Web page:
PETALING JAYA: Malaysia may have no choice but to call for a general election to resolve the ongoing political crisis.
Constitutional lawyer Fahri Azzat said that would put to test the legitimacy of the government.
“The people will then get the government they actually want,” he told theSun.
Fahri said that despite Tan Sri Muhyiddin Yassin’s claim that he still has the majority in the Dewan Rakyat to enable him to continue leading the country as prime minister, “there has not been an official certification” of his claim.
On Muhyiddin’s announcement that he would submit to a confidence vote to reaffirm his majority and therefore legitimacy when the Dewan Rakyat sits again in September, he said this also presented a problem.
Fahri said this was clear from the way Dewan Rakyat Speaker Datuk Azhar Azizan Harun had presided over Parliament sittings. There have been complaints that he had, on many occasions, not allowed opposition lawmakers to speak.
He said events that unfolded in the past few days clearly debunked claims that the country is not facing a constitutional crisis.
On Tuesday, Federal Territories Minister Tan Sri Annuar Musa dismissed the notion that the country is facing a constitutional crisis. “The government continues to maintain strong ties with the Yang di-Pertuan Agong (Al-Sultan Abdullah Ri’ayatuddin Al-Mustafa Billah Shah),” he said.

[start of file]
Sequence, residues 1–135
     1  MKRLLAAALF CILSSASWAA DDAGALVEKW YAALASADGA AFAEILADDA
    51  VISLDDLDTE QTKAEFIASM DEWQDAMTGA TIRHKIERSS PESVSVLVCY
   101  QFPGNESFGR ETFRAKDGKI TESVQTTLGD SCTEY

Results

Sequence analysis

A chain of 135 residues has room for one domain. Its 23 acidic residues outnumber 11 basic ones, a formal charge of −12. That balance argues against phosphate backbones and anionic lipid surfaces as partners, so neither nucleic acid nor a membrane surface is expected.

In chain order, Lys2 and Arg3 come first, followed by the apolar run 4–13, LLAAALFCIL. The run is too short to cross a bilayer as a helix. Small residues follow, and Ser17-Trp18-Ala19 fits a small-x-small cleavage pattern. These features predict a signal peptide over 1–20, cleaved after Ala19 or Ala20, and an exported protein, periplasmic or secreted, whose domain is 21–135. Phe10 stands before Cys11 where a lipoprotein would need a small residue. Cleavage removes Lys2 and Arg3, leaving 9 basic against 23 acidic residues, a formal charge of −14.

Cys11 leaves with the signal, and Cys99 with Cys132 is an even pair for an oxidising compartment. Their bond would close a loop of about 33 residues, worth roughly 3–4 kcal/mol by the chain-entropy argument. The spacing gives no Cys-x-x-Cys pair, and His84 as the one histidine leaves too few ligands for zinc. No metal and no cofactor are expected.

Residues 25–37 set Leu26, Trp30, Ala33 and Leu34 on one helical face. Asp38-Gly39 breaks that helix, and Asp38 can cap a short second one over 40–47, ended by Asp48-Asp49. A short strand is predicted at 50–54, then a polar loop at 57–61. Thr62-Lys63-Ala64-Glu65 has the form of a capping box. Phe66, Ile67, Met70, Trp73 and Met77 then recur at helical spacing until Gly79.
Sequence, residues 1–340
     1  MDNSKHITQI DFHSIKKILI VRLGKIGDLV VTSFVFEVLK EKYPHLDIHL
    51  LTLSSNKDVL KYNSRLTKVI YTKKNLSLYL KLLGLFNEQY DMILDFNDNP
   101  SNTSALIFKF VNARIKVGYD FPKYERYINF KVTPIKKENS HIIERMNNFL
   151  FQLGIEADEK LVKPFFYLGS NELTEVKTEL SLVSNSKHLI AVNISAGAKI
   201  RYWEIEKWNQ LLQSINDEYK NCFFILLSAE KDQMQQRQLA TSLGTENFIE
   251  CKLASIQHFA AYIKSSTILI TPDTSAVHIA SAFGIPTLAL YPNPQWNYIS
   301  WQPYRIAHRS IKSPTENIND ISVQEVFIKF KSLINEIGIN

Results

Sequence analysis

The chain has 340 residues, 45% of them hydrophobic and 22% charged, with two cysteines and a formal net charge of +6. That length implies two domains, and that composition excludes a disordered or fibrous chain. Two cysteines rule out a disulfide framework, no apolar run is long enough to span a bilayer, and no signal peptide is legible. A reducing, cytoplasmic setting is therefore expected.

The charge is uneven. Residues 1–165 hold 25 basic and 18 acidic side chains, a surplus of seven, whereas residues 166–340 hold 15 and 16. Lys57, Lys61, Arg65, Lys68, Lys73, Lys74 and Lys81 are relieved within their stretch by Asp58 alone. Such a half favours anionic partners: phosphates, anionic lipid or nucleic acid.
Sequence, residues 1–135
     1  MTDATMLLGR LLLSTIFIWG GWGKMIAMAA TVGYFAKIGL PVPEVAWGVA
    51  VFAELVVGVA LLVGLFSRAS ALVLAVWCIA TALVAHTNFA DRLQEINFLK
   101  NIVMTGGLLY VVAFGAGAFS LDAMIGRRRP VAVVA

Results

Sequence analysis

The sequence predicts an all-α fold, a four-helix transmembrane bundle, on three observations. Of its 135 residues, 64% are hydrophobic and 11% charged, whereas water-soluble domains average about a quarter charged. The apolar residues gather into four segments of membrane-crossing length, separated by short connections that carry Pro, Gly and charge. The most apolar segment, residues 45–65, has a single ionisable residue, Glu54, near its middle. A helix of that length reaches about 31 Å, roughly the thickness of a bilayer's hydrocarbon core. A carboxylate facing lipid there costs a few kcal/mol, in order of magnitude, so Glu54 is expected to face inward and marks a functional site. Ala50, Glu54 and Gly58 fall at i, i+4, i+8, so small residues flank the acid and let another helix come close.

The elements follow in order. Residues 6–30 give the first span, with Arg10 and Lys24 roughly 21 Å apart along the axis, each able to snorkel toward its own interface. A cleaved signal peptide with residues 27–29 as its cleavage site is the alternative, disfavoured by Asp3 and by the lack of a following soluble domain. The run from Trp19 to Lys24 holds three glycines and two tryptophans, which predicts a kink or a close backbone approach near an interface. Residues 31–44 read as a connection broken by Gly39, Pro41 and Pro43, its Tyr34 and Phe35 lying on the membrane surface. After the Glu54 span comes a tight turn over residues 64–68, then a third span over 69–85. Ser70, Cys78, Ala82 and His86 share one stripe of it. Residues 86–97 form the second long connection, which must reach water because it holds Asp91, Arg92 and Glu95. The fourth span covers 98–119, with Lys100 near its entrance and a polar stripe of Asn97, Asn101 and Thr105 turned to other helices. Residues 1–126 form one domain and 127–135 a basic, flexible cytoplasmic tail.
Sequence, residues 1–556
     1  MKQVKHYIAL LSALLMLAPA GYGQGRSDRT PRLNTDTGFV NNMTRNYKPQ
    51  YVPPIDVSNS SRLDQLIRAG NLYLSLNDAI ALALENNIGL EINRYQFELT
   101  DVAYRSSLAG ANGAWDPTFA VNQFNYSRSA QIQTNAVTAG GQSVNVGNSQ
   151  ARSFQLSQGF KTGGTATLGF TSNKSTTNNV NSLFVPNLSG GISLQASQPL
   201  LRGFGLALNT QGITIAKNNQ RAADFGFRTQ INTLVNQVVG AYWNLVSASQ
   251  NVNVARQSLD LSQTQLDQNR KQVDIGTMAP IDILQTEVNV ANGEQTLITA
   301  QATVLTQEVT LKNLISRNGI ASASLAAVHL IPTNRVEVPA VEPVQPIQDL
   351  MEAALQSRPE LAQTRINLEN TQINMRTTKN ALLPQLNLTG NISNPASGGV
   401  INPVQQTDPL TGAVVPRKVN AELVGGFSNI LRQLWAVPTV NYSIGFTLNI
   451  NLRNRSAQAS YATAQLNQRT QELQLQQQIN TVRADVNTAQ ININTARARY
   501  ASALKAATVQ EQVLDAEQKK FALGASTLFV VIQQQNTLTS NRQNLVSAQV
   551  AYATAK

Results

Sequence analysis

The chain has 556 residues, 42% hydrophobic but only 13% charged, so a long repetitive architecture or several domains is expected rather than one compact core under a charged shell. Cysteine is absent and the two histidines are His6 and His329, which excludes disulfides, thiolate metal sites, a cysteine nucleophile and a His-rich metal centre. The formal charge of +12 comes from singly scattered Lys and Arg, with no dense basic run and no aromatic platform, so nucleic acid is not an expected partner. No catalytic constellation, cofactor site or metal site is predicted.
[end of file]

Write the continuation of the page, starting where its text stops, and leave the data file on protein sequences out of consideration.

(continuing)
His remarks followed an Istana Negara statement expressing the King’s “utmost disappointment” over the announcement by de facto Law Minister Datuk Seri Takiyuddin Hassan that the Emergency had effectively ended on July 21.
Fahri said the events over the past few days were a good enough reason for the King to call for a general election.
He said unfortunately, there has not been any talk about how polls can be held safely during the pandemic. “All I can say is that our government leaders are not interested in making it work because it is against their own political interests.”
He added that another problem is that no one in the government has come forward to speak about the nation’s future.
“Where are the discussions on how we, as a country, will move past this (health crisis) as how other countries have done and succeeded? Why are we not discussing issues such as these?”
Fahri said from a legal point of view, Malaysia is currently reliving the 2009 Perak constitutional crisis.
“History seems to be repeating itself. Instead of convincing the rakyat that the party in question has the numbers it claims it has, party members simply agree among themselves and bring it to the King. What this does is that it bypasses the public until such time there is a general election again.”
Fahri said the question that begs an answer now is how this crisis will be resolved.
“It would only be possible if our politicians focus on the things that matter most, which are communal interests rather than personal interests.”